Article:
The birth of my grandson is a miraculous moment that causes me to say, as did the Ba’al Shem Tov, that there is a God.  A baby’s bris is a time to affirm that there are some things that happen in this world, not because of human ingenuity and ability.  A great many things happen in this world because human beings are clever and able to make or build anything.  But the truth is that some things we can’t make or build by ourselves, and the birth of a baby is at the top of such a list.  In order to bring a child into the world, we need to forge a partnership with the Divine source of life.  The birth of a baby brings us face-to-face, in a way that is vivid and exciting, with the creation of life in all its mysterious and miraculous glory.  In the face of my grandson, I see the image and presence of God.

Here, I want to connect this idea to our weekly parasha, Tetzaveh.  In the opening verses of the portion, we read: “You shall further instruct the Israelites to bring you clear oil of beaten olives for lighting, for kindling lamps regularly” (Exodus 27:20). This verse is the source for the Ner Tamid, the Eternal Light that hangs above every ark in synagogues around the world.  The commentary in the Etz Hayim Humash (pg. 503) notes that light has always been a powerful symbol for God.  Why?  As the commentary tells us, “Because light itself cannot be seen.  We become aware of its presence when it enables us to see other things.  Similarly, we cannot see God, but we become aware of God’s presence when we see the beauty of the world when we experience love and the goodness of our fellow human beings.”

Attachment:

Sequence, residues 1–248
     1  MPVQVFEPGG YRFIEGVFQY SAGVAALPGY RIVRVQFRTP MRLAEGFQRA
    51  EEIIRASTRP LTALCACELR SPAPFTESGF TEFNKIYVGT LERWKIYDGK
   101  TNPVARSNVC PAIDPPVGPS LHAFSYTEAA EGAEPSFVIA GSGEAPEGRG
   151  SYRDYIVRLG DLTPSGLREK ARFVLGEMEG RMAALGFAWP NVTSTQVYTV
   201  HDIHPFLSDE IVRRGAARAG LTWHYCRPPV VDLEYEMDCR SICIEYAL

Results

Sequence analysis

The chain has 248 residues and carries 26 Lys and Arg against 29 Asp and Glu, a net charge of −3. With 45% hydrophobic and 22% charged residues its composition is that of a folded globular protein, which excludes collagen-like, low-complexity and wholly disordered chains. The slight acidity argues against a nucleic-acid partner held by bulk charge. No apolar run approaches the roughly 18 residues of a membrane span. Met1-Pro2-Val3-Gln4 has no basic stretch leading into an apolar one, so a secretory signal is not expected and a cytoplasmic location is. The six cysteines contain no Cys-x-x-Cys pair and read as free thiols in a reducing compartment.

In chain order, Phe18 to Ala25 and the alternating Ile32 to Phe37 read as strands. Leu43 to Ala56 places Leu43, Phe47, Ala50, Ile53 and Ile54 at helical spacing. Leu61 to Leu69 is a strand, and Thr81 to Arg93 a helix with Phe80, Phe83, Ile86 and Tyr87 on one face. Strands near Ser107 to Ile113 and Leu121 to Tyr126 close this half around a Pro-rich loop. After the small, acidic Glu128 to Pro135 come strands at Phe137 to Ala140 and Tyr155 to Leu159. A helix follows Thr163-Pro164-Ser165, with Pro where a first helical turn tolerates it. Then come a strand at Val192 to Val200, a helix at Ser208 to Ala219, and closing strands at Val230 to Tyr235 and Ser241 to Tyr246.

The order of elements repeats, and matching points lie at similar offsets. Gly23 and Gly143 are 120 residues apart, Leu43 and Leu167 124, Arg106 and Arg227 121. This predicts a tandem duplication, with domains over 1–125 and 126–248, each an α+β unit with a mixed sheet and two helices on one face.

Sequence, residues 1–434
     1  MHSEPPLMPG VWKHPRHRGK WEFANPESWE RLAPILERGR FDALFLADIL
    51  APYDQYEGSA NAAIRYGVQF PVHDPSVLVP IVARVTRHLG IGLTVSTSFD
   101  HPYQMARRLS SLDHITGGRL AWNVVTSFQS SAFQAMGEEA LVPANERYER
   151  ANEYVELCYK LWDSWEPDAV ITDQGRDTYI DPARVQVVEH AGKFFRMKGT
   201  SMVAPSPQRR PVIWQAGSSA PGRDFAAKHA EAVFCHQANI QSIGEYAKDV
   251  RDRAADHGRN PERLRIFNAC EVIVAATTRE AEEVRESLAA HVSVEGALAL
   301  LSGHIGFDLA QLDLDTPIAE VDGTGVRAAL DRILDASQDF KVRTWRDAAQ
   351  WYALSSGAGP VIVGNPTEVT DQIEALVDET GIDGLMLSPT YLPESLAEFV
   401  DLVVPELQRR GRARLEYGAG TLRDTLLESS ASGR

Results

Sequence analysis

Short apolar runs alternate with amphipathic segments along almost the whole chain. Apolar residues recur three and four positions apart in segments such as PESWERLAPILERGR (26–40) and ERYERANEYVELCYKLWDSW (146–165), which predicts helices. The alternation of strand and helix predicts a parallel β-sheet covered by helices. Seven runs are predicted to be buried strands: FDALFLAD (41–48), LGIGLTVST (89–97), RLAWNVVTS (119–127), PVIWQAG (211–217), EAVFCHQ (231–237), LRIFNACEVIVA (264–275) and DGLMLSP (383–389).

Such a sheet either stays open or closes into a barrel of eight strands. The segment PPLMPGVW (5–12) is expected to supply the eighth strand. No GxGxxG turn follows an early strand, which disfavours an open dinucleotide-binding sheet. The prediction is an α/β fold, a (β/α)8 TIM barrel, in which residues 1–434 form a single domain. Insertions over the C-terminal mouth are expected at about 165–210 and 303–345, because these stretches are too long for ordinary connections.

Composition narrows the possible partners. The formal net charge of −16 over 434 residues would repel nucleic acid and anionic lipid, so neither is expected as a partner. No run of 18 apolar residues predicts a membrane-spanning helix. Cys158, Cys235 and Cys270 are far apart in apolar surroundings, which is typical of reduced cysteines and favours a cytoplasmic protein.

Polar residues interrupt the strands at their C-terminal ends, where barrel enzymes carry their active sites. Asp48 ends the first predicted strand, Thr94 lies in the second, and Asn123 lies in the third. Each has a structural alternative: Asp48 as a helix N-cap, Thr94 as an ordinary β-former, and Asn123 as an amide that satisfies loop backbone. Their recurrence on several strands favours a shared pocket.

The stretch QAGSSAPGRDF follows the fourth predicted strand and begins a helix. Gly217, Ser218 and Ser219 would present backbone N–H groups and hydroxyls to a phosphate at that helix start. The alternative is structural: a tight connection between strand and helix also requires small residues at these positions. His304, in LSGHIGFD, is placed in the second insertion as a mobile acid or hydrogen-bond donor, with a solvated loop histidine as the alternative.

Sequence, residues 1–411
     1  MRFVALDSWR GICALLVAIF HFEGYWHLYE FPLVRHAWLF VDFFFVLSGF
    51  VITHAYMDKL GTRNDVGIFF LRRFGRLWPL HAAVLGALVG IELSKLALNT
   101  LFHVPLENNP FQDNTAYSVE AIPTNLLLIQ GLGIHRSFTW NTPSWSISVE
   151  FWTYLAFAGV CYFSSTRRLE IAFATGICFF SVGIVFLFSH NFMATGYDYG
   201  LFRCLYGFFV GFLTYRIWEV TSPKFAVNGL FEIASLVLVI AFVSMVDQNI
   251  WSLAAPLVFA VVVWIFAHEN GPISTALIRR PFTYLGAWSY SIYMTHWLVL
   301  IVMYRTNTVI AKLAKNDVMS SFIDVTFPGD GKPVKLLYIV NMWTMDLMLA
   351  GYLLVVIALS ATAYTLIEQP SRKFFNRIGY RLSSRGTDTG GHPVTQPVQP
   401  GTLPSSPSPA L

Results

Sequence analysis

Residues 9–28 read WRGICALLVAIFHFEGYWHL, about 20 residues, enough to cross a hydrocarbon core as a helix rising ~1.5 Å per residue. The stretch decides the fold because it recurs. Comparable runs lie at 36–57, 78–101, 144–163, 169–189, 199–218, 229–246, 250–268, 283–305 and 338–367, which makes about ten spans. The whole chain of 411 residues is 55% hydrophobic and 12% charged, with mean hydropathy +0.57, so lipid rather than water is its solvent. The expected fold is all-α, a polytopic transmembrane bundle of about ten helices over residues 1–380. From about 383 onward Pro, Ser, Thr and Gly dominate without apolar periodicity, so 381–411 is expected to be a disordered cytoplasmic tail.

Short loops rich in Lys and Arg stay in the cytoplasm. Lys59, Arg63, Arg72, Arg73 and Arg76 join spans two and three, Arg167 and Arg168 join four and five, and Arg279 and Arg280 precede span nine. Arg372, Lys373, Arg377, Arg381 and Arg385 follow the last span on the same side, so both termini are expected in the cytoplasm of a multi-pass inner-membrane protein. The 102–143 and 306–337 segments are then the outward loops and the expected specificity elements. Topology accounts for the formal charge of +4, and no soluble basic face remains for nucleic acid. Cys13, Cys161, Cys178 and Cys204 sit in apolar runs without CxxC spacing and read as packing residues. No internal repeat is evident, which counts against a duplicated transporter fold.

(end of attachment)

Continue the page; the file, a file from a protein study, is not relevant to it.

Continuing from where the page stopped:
God cannot be seen, but there is a God.  I see God in the miraculous Divine power to create and sustain life.  I see God in my grandson Noam, growing and learning new things every day.  I see God in my new grandchild, perfect and beautiful as he is.  They are the light by which I am aware of God’s presence in the world.  They are the miracles that cause me to affirm what the Ba’al Shem Tov mythically said…there is a God!